Health risks of Vitamin A Rice
Since rice is a staple eaten in large quantities in Asian societies, Vitamin A rice could lead to excessive intake of Vitamin A, especially among those who do not suffer from deficiency. Excess Vitamin A can lead to hypervitaminosis A or Vitamin A toxicity.
Vitamin A toxicity can lead to abdominal pain, nausea, vomiting, dizziness, papilledema, and bulging fontanelle.
Chronic toxicity can occur after ingestion of large quantities of Vitamin A for protracted periods. Chronic toxicity is characterized by bone and joint pain, hyperostosis, hair loss, dryness and fissures of lips, nausea, intracranial hypertension, low grade fever, pruritis, weight loss, and hepatosplenomegaly.
Natural sources of Vitamin A are consumed seasonally and in small quantities as greens, relishes, and fruits and hence do not carry the risks of Vitamin A toxicity. Rice eating regions have been found to be associated with higher malnutrition than wheat eating regions, especially after the Green Revolution which destroyed fish and plant biodiversity necessary for a balanced diet. These regions also have higher prevalence of water borne diseases like diarrhea, amoebiasis, hepatitis A and E, dysentery, and vector borne diseases like malaria, which unlike in earlier years when it was a less hazardous form of malaria caused by plasmodium vivax is increasingly becoming falciparum malaria. These health problems are known to involve damage to the liver. The additional risks of Vitamin A toxicity under these conditions need to be assessed with care before a large-scale push is given to genetically engineered rice.
Further, the globalization of agriculture is leading to an increase in malnutrition in the Third World, as the most fertile ecosystems are diverted to luxury export crops, and as domestic markets are destroyed due to dumping of subsidized agricultural commodities. In India, per capita consumption of cereals has declined by 12% in rural areas over the past two decades. The shift from policies based on the "right to food" to free trade policies will push millions into hunger and poverty.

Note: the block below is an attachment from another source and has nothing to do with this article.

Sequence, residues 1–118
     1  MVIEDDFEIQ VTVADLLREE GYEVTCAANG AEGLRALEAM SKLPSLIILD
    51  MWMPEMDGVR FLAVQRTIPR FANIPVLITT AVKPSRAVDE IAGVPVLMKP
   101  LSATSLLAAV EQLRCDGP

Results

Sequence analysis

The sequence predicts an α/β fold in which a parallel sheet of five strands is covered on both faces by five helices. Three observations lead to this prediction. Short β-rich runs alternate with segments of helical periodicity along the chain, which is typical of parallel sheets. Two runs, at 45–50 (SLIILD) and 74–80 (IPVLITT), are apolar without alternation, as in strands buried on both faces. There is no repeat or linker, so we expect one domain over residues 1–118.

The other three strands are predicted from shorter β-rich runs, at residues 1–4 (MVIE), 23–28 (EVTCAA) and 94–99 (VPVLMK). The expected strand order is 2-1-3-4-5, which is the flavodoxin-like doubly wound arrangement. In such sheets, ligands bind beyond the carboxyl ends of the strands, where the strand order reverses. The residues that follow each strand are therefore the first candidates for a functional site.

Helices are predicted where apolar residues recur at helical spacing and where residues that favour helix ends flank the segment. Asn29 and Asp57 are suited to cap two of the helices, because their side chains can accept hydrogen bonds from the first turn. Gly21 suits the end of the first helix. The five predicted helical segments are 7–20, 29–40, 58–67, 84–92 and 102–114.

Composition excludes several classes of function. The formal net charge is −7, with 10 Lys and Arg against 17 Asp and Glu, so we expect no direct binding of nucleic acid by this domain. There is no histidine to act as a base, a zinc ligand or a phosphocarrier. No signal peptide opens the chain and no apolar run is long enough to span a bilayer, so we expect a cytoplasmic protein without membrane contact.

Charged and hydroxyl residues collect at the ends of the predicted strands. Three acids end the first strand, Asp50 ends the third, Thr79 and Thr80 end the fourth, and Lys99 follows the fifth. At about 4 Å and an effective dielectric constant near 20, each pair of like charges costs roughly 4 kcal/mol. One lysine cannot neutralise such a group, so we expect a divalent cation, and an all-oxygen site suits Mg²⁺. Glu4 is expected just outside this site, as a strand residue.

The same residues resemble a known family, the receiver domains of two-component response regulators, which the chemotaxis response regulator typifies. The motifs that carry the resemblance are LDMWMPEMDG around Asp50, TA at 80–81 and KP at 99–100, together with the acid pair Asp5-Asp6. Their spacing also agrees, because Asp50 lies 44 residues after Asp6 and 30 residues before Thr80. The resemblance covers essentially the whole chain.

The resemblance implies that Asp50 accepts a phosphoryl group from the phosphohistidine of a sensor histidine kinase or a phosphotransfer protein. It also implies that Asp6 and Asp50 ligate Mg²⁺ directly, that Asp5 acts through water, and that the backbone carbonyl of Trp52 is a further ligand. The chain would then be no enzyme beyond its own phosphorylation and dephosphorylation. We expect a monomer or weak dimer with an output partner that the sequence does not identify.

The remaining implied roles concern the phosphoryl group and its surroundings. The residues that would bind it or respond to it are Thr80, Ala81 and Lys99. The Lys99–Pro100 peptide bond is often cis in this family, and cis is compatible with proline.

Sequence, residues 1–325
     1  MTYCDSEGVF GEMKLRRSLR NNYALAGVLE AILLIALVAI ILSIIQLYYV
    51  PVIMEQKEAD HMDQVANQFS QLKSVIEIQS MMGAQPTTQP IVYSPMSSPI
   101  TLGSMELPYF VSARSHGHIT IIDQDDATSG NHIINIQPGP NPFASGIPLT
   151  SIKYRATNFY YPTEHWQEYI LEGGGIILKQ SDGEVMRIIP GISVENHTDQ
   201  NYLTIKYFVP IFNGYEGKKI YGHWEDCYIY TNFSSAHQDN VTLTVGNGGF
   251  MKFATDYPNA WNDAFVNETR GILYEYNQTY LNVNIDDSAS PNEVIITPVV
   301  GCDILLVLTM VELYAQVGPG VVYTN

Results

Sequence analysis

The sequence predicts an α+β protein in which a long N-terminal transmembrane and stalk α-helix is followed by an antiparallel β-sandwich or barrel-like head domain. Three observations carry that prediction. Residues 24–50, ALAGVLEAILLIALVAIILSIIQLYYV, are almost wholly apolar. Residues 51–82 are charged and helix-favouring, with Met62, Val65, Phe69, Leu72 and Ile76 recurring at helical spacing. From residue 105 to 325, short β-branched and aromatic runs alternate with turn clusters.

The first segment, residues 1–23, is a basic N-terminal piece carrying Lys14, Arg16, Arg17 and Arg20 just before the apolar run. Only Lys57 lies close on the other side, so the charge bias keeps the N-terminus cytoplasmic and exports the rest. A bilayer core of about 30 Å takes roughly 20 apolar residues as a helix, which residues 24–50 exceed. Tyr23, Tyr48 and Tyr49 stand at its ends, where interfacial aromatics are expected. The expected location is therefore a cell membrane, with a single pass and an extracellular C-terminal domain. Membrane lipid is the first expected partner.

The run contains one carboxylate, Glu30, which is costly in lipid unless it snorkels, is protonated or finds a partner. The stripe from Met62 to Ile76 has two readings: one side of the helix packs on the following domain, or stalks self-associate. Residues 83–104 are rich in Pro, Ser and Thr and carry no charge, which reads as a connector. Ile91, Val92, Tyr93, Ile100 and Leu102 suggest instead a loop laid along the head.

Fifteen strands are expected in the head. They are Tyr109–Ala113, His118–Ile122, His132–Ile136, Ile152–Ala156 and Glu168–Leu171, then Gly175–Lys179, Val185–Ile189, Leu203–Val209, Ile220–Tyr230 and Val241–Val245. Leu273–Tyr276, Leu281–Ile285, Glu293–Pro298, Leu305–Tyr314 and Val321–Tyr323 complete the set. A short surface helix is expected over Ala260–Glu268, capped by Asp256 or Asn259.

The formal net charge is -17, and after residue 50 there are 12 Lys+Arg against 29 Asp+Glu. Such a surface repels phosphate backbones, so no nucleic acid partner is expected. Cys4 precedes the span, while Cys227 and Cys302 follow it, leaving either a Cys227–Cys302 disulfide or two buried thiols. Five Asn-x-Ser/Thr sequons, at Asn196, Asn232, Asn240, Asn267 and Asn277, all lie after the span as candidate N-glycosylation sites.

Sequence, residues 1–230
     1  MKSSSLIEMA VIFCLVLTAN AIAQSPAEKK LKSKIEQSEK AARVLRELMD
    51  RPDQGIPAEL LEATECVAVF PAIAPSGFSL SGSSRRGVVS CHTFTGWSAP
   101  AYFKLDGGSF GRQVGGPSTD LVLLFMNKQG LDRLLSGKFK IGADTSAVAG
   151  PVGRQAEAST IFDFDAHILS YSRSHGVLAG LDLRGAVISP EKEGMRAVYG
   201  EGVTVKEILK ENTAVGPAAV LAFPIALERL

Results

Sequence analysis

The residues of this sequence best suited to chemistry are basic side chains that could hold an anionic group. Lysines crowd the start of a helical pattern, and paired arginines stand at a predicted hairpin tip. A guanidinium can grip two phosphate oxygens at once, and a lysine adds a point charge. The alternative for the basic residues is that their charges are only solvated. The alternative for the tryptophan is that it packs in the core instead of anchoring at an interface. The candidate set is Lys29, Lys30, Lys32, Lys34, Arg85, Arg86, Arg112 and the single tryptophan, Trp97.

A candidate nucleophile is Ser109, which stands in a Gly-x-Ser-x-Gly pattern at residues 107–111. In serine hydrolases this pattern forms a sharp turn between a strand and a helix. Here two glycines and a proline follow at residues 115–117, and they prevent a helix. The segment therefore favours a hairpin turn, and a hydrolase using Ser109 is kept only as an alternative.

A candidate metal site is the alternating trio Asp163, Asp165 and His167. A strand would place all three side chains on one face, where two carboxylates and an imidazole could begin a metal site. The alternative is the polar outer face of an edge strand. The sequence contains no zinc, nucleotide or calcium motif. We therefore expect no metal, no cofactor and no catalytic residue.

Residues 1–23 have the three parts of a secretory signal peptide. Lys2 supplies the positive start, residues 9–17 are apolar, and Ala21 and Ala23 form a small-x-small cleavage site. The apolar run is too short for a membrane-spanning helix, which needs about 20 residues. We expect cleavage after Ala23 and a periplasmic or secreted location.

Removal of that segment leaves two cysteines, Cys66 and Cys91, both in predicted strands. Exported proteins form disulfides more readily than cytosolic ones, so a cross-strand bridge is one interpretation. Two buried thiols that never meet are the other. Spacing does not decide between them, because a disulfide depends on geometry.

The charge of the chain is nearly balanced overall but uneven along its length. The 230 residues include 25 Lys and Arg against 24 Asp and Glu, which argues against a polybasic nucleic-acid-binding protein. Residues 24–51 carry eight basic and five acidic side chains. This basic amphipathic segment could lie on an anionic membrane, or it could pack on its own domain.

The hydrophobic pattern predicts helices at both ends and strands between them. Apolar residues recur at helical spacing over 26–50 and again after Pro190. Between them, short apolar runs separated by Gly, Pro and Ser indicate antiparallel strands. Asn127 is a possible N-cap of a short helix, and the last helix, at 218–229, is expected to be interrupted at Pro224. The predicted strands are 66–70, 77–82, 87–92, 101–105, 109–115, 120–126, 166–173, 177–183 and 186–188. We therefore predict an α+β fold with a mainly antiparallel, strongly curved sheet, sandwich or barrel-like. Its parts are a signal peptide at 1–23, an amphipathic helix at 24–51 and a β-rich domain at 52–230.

Genetically engineered rice is part of a package of globalized agriculture which is creating malnutrition. It cannot solve the problems of nutritional deficiency but it can introduce new risks to food safety.
Genetically engineered rice is part of a package of globalised agriculture which is creating malnutrition.
The risk assessment for living modified organisms intended for direct use as feed is given in Annexe II of the recently finalized Biosafety Protocol under the Convention on Biological Diversity.
The risk assessment of Vitamin A rice should therefore involve the following steps:
- a. An identification of any novel genotypic and phenotypic characteristics associated with the Vitamin A rice that may have adverse effects on biological diversity in the likely potential receiving environment, taking also into account risks to human health.
- b. An evaluation of the likelihood of these adverse effects being realized, taking into account the level and kind of exposure of the likely potential receiving environment.
- c. An evaluation of the consequences should these adverse effects be realized.
The risk assessment also needs to take into account the vectors used, the ecological differences between transgenic Vitamin A rice and conventional rice varieties, and Information on the geographical, climatic and ecological characteristics of the likely potential receiving environment.
Mr. Pinstrup Anderson, the IRRI Director has suggested that the "Vitamin A rice could provide a public relations boost for plant biotechnology, which has been criticized by some environmentalists and consumer activists for promoting 'Frankenfoods.' It has yet to be established that genetically engineered rice is not a Frankenfood. Promoting it as a tool against blindness while ignoring safer, cheaper, available alternatives is a blind approach to blindness control.
See also her comments on "Poverty and Globalisation" at http://news6.thdo.bbc.co.uk/hi/english/static/events/reith_2000/text5.stm
"That is why I ask, who feeds the world? This deliberate blindness to diversity, the blindness to nature's production, production by women, production by Third World farmers allows destruction and appropriation to be projected as creation."